Ever since filming began, rumors have run rampant on the Internet. Is the bad guy in the film really the iconic villain Khan (originally played by Ricardo Montalban) in disguise? Is the shot from the Japanese trailer of two hands touching through a pane of glass an homage to the ending of Star Trek II: The Wrath of Khan, and if so, who do the hands belong to? Is there really a Tribble in the movie?
Writer Larry Nemecek, a Star Trek authority who maintains the popular treklandblog.com, says even he was caught off-guard by some of the twists in Into Darkness.
“The story starts out as a routine mission, but there are some major milestones for many of the characters,” he says. “I was really struck by how many homages they paid to the original show. They managed to walk the line and satisfy both the core fans and the casual viewers. During the last third of the movie, I was sitting there thinking ‘I can’t believe they’re going there.’ And they really went there!”
What makes Into Darkness feel like a true Star Trek movie — even more than the previous film — is that the story is replete with allegories and metaphors that speak to modern times, honoring the intent Gene Roddenberry had when he created the TV show in the 1960s.
“When you think about science fiction in general, the vast majority of future scenarios are very bleak,” says professor Anthony Rotolo, who teaches a class called “ Star Trek and the Information Age” at Syracuse University. “People are always struggling against some kind of tyrannical empire. Roddenberry was the first to offer a vision of humanity that was hopeful. Earth had overcome all the elements of war and we were exploring the universe again — a kind of race-to-the-moon feeling. He had a humanist vision of the future, being self-aware and educating yourself and carrying that to the way you deal with other people. That’s why his phasers had a stun setting. Wouldn’t we rather make weapons that would knock [our enemies] out so we could talk to them later? Now you have that idea represented today by Tasers.”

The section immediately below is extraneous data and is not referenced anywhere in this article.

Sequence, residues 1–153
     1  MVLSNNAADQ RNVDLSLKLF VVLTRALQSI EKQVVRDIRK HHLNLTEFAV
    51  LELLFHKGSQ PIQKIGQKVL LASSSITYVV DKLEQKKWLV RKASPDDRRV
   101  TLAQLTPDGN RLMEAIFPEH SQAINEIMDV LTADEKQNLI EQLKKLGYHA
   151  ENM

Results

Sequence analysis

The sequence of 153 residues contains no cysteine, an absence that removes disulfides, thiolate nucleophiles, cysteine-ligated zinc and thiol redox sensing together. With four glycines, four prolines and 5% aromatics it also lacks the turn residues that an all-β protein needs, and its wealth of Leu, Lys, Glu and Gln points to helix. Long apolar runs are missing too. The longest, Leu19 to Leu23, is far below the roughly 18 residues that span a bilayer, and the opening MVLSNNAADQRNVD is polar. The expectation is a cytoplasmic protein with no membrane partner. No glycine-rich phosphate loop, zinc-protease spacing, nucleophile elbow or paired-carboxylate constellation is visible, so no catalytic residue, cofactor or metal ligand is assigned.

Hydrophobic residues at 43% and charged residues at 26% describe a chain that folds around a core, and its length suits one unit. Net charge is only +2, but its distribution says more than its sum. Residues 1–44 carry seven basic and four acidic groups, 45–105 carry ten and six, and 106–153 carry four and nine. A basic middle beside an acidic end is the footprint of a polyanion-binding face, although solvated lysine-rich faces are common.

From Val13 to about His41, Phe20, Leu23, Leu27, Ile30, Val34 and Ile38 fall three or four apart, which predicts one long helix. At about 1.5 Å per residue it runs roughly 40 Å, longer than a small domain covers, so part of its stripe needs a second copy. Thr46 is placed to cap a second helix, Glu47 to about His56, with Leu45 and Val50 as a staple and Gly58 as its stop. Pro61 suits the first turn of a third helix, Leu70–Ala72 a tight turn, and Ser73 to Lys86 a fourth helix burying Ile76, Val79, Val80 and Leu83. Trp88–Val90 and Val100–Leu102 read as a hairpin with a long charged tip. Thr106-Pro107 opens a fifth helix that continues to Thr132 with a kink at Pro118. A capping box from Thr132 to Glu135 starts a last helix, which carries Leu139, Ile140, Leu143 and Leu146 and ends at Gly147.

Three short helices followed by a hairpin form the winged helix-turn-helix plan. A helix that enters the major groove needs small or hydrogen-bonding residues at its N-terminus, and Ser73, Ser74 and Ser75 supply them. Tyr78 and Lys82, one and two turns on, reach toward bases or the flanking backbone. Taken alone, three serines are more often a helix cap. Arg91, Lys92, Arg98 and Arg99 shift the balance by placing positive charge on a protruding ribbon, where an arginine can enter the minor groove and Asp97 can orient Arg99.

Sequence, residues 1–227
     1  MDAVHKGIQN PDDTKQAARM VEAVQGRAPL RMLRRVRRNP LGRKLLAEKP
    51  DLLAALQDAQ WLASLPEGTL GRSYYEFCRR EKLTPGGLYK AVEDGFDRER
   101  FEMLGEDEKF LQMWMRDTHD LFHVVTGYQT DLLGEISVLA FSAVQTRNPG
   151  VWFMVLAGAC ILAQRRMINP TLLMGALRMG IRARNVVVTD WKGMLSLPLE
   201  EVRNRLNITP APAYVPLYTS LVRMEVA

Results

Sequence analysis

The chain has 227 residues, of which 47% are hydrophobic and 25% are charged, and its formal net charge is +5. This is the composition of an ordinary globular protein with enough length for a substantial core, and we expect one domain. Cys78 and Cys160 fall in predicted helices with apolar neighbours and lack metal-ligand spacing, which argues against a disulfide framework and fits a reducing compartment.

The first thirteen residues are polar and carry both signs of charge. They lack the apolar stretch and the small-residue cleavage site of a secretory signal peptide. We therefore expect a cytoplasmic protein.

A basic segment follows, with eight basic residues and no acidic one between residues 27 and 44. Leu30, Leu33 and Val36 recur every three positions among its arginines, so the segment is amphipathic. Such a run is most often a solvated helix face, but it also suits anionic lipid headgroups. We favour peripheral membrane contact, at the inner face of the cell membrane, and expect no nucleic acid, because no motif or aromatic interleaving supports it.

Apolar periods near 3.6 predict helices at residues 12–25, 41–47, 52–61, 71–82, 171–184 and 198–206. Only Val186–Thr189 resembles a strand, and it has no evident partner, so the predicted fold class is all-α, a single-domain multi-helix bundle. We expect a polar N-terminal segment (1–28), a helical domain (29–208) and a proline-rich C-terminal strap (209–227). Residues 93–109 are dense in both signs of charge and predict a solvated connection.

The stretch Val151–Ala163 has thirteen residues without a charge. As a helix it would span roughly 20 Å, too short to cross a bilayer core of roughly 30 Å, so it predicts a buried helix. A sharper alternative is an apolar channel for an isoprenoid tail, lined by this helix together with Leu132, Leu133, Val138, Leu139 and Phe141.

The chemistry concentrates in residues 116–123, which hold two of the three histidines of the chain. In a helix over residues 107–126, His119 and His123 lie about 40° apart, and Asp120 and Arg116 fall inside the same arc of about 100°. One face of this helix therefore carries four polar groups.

Abrams made a point to honor Roddeberry’s legacy with Into Darkness, making sure that the futuristic story unfolding onscreen bore some connection to contemporary audiences.
“ Star Trek is not a long time ago in a galaxy far, far away,” he says. “It’s us in the future, and that future will come sooner than you think. It’s imperative that the movie not be preachy or be a polemic. But it should also deal with resonant, relevant issues we are grappling with today. While this movie was not made with a precious import, we were very conscious to deal with elements that we could relate to and make us feel. If the audience doesn’t feel connected to the themes and events and the villain of the story, you end up with a theoretical, observational experience, where people watch the movie but don’t live the movie. They are not inside it.
“So we let the characters have philosophical debates about certain moral quandaries without getting preachy. What happens when authority is wrong? What happens when following the rules means doing the immoral thing? What happens when you suspect you’re going to be attacked, so you become the attacker? How far are you willing to go to protect your family? None of that takes away from the excitement of the movie. On the contrary, it gives it a real pulse and soul. The key to the movie is if you don’t care about these characters — if they don’t make you laugh and you can’t relate to them — then all the action sequences, of which there are many, won’t matter at all.”